The Georgia Appalachian Center for Higher Education (GACHE) brought 240 high school students and parents to two, one-day College Access Conferences held at the University of North Georgia designed to expose them to college opportunities and discuss paths to earning a college degree.
Students from Banks, Fannin, Hall, and Lumpkin counties spent the day hearing information about financial aid and college admission processes, but also specific information about academic programs offered by UNG.
If your goal is to get a bachelor's degree, but you don't have the grades and the SAT or ACT scores to gain admission into a bachelor's degree program, you can still come to UNG, a four-year university, by starting an associate degree program and transitioning seamlessly into a bachelor's program," said Keith Antonia, executive director of undergraduate admissions.
The daylong events on the Dahlonega Campus connected students and their parents – sometimes in separate sessions – with representatives from UNG admissions, financial aid, and first year experience. The day included campus tours, lunch at the university dining hall and interaction with UNG student leaders to provide exposure to college life.
College guidance counselors and graduation coaches, like Jill Key, Judy Lambeth, Sally Edwards, and Lynn Suggs find events like GACHE’s College Access Conference very beneficial. They attended both sessions with students and their parents.
The conferences were sponsored by the Georgia Appalachian Center for Higher Education (GACHE) and grants from Communities in Schools and the College Access Challenge Grant. Many of the students who attended were potential first-generation college-going students.
When first-generation students experience being on a college campus and seeing and talking to students just like them, they begin to think about college as a possibility," said Shirley Davis, GACHE director. "When teachers and parents have higher expectations of students and begin to talk to them about going to college, it really pays off in whether or not the students see themselves as college material.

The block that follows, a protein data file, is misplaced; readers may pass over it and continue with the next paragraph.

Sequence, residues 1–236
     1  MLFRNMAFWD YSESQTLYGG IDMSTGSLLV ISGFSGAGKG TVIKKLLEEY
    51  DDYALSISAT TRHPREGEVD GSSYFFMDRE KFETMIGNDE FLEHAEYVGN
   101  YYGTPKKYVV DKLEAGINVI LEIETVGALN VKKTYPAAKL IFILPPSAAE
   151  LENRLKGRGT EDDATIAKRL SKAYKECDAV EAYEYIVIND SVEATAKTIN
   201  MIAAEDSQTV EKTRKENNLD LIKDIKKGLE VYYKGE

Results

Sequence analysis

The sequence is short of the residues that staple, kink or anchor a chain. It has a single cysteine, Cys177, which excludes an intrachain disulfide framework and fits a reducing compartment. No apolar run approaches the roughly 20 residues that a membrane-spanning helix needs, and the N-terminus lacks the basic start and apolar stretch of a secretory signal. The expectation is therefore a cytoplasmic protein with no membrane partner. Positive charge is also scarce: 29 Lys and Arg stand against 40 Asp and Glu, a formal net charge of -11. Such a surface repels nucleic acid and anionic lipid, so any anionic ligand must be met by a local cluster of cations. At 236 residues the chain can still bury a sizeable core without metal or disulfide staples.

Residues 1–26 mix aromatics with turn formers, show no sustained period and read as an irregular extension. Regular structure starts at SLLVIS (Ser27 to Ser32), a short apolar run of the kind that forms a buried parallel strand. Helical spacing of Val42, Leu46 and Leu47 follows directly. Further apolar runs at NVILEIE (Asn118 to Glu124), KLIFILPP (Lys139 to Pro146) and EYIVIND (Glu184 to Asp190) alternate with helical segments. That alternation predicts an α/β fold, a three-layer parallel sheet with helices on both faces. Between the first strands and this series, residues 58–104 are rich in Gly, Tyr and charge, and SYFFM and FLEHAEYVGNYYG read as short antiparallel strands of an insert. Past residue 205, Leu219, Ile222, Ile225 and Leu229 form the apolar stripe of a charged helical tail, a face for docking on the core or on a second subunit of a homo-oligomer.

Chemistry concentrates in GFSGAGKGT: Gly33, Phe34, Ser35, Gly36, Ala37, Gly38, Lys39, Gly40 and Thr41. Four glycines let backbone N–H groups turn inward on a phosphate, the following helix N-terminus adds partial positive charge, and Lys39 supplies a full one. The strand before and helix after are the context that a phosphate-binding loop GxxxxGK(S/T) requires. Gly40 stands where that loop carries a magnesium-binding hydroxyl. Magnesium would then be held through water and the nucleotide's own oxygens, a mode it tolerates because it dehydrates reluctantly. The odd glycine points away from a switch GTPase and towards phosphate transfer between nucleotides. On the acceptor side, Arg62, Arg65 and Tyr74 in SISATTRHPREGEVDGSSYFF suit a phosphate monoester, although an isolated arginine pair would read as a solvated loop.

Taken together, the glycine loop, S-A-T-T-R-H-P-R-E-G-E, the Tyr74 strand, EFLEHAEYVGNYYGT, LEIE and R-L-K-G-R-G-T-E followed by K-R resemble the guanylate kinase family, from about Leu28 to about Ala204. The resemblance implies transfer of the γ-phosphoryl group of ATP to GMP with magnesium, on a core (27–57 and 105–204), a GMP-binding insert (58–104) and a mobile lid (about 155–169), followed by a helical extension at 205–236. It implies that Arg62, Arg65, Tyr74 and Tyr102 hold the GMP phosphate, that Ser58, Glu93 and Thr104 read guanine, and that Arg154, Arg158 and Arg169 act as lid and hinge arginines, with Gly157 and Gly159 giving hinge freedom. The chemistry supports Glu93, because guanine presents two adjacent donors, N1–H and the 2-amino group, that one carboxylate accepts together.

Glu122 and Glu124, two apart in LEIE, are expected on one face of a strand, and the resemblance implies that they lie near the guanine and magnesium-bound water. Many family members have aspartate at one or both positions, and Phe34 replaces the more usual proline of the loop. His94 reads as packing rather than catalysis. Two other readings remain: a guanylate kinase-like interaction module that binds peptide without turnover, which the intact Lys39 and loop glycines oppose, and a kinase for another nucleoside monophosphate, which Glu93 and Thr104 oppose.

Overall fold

Enhancing partnerships with k-12 schools and improving access and completion for students traditionally underserved are not only GACHE goals, but also of UNG's Complete College Georgia plan. In a 2011 study it was reported that Georgia will need to increase the percentage of its population with some level of college completion to 60 percent to meet projected workforce needs.
During the eight years GACHE has been funding events like the College Access Conference throughout Georgia's Appalachian High Schools, we have collected data that shows an increase in the college enrollment rates of these high schools," Davis said. "We plan to continue these very important events as long as funding allows.
Jill Key, Fannin County Graduation Coach, said she feels working with GACHE on events to expose high school students to college opportunities is having a positive effect.
"I've worked with GACHE for eight years and, to me, I think these events have been a factor in helping our graduation rate. When I first started, our graduation rate was 65 percent, and now we're at 91 percent," she said. "There are a lot of factors, but when the students visit colleges, they think 'I want to go there!' and it inspires them to do better so they can finish high school and go to college."